Solomon's Key Review

Solomon's Key holds up surprisingly well after all these years, thanks to its interesting mix of action and puzzles.

Solomon's Key was originally an arcade game, but the Nintendo Entertainment System version probably got around a little bit more than the arcade machine in North America. The NES version was a mostly faithful version of the arcade game. Both versions put you in control of a character named Dana, who could create and eliminate blocks with his magic wand. The resulting Virtual Console game is an often tricky action puzzle game that doesn't look great but still plays quite well.

Creating and removing blocks lets you reach the top of the level or block bad things from getting to you.
Creating and removing blocks lets you reach the top of the level or block bad things from getting to you.

Solomon's Key is broken up into different rooms. Each room has an exit door, which is locked. So first, you'll have to get to the key. Dana can jump, but his real power is that he can create and remove blocks directly in front of him with the touch of a button. This lets you create staircases, block enemies from getting to you, or dig your way through a mountain of blocks if necessary. You can also collect potions, which let you shoot a fireball. But potions can be limited, so they're best used as a last resort. Because the enemies move in mostly predictable patterns, you should be able to study their movements and find a way to get through the level. You're also working under a time limit, which can make the later levels really tricky. The game starts out simple but gets more intricate as you go deeper, maintaining a good balance between its platforming gameplay and the challenge of getting around the level without getting killed. There are about 50 rooms in all. Depending on how you do in various parts of the game, you can end up in secret rooms and get slight variations of the ending.

Like the other NES games available on the Virtual Console service, Solomon's Key is a very faithful emulation of the original game. You can use the Wii Remote held sideways or use a GameCube or Classic Controller to play. All of the available options work just fine. Graphically, Solomon's Key has a decent look to it that still holds up today. The game is still pretty colorful and the enemies are decently varied. The music is also catchy, which is helpful, because there isn't very much of it.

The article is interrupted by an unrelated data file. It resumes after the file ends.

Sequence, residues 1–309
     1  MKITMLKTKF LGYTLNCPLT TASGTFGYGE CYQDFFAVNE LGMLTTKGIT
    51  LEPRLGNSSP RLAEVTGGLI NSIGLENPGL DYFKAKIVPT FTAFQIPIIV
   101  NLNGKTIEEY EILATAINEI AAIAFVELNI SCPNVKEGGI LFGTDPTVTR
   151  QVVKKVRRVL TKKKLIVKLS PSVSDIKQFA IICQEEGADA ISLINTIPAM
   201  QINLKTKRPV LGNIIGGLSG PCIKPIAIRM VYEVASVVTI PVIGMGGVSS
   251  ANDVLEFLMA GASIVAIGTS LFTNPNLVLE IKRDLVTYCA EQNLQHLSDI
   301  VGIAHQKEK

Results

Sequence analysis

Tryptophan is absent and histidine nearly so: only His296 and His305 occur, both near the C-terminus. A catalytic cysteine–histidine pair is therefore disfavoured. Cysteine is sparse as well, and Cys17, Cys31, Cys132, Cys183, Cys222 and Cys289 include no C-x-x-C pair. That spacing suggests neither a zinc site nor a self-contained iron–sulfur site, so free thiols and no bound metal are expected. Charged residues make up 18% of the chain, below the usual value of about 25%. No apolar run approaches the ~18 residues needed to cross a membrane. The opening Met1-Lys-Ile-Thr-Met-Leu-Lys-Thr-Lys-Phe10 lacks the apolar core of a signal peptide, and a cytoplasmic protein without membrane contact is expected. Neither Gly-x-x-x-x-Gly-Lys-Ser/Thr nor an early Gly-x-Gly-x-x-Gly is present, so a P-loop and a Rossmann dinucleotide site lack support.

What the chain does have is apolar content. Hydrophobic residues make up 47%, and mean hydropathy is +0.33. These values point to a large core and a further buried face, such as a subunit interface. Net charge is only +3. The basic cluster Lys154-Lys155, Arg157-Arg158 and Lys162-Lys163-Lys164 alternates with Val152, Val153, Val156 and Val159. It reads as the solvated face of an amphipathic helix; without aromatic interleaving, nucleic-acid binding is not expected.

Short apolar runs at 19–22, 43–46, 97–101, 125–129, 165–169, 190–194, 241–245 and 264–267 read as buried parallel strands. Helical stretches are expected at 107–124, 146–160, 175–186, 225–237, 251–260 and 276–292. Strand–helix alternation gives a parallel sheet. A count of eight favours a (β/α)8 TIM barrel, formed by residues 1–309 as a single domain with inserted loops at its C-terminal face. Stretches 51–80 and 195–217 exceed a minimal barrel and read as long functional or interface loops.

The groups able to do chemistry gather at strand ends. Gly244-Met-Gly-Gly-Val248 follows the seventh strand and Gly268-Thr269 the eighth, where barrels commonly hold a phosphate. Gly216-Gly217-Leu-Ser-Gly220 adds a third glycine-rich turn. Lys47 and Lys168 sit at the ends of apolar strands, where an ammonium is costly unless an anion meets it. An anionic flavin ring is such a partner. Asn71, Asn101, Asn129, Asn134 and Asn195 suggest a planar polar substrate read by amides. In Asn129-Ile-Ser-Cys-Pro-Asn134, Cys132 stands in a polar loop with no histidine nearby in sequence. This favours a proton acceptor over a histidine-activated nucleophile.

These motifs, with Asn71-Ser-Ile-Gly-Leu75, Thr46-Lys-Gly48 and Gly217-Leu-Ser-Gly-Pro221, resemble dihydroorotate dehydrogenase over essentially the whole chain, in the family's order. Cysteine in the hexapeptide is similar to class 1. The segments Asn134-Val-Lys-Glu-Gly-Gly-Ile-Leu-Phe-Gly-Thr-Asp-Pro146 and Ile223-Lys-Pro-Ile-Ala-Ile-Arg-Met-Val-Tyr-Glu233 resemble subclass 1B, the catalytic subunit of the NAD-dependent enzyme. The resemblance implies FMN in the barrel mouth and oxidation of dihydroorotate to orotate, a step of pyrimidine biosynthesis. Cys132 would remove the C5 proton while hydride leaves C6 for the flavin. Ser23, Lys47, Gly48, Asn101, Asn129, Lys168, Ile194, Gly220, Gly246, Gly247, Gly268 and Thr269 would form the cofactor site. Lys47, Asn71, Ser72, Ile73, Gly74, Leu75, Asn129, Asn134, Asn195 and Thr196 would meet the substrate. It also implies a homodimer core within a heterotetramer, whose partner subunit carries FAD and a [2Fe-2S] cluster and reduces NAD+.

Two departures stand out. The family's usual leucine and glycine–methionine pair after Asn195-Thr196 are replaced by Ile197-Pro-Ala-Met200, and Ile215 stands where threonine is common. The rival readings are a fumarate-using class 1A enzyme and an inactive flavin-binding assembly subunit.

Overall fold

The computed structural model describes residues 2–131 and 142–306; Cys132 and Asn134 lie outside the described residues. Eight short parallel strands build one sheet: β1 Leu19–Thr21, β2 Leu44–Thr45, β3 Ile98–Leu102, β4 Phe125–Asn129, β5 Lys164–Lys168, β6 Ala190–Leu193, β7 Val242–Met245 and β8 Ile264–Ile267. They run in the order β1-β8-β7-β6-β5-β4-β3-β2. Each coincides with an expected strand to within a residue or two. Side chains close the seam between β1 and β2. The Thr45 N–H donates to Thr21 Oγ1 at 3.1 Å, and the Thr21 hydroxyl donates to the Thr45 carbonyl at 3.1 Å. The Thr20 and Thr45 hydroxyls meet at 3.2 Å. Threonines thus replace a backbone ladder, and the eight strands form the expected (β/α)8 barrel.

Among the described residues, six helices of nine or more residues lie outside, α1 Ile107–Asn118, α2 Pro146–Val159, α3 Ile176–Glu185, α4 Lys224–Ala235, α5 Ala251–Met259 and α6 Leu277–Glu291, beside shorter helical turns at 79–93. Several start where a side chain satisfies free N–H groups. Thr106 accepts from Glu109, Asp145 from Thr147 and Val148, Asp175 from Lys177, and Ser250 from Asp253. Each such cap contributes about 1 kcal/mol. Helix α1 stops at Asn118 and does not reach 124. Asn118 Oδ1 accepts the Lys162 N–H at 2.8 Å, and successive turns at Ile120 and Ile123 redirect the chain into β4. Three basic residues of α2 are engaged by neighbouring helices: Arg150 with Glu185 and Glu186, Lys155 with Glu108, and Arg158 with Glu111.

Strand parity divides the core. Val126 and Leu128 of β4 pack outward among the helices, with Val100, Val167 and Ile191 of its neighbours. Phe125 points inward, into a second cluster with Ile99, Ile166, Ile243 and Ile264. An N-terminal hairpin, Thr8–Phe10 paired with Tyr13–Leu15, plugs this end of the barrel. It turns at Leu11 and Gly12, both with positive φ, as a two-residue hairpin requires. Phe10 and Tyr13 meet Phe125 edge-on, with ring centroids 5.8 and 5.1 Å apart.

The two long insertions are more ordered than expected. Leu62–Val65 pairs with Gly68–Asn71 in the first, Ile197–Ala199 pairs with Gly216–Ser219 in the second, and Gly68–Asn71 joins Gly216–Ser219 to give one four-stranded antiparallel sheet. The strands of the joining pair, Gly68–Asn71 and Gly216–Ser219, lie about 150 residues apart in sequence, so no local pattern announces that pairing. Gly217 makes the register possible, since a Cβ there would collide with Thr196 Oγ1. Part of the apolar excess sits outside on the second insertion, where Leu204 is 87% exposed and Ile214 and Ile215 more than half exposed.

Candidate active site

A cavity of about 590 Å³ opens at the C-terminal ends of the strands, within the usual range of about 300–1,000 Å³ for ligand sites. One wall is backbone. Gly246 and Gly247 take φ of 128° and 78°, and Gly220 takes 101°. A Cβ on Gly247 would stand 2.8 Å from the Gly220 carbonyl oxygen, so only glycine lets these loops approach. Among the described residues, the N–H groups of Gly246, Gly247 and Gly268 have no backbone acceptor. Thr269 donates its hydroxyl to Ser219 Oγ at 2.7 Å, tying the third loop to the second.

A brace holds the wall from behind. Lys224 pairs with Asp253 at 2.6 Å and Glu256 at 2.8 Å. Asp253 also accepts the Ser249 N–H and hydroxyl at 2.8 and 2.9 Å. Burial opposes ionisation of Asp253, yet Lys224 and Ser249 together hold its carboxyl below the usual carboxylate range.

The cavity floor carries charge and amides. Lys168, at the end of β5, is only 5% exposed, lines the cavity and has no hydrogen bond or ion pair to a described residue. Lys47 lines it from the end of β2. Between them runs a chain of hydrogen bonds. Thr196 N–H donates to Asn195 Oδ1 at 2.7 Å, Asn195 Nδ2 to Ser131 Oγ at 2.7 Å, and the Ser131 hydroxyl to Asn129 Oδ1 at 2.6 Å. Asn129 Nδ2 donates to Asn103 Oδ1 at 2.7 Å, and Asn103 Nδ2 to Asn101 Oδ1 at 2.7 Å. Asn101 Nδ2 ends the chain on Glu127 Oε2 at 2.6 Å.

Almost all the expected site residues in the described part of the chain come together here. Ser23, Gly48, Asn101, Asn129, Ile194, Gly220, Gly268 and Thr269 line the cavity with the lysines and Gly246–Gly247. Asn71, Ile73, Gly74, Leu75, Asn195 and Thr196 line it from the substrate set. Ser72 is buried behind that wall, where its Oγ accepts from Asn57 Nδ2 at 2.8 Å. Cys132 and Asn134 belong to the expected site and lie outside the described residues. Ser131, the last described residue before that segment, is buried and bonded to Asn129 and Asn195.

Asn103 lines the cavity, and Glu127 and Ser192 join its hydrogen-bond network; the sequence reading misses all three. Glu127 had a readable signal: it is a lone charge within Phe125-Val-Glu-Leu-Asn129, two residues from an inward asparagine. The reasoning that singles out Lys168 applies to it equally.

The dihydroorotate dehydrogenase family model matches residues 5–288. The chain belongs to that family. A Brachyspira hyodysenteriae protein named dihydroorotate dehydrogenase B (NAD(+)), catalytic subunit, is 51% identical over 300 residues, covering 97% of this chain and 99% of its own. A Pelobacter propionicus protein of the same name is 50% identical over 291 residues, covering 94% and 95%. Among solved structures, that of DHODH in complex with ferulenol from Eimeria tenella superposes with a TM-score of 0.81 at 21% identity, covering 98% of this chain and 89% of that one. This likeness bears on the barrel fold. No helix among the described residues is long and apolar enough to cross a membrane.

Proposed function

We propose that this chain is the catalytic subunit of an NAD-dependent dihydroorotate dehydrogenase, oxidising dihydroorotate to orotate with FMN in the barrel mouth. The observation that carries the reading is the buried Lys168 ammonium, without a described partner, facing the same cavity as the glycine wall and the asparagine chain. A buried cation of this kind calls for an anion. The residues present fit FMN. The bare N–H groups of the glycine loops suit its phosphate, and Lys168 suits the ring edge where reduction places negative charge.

Solomon's Key isn't the highest-profile NES game around, but it still holds up reasonably well. Its blend of platforming and problem-solving also makes it one of the few Virtual Console games that still works even if you aren't necessarily nostalgic for its original release.

The Good
Lots of rooms to figure out
hidden secrets give you something extra to shoot for
gameplay still holds up after all these years
The Bad
Music is catchy but repetitive
About GameSpot's Reviews

About the Author

Jeff Gerstmann has been professionally covering the video game industry since 1994.

Solomon's Key

First Released 1986
  • Amstrad CPC
  • Arcade Games
  • Commodore 64
  • Famicom Disk System
  • Mobile
  • NES
  • Nintendo Switch
  • PlayStation 4
  • Sega Master System
  • Sinclair ZX81/Spectrum


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224 Rating(s)

Content is generally suitable for all ages. May contain minimal cartoon, fantasy or mild violence and/or infrequent use of mild language.
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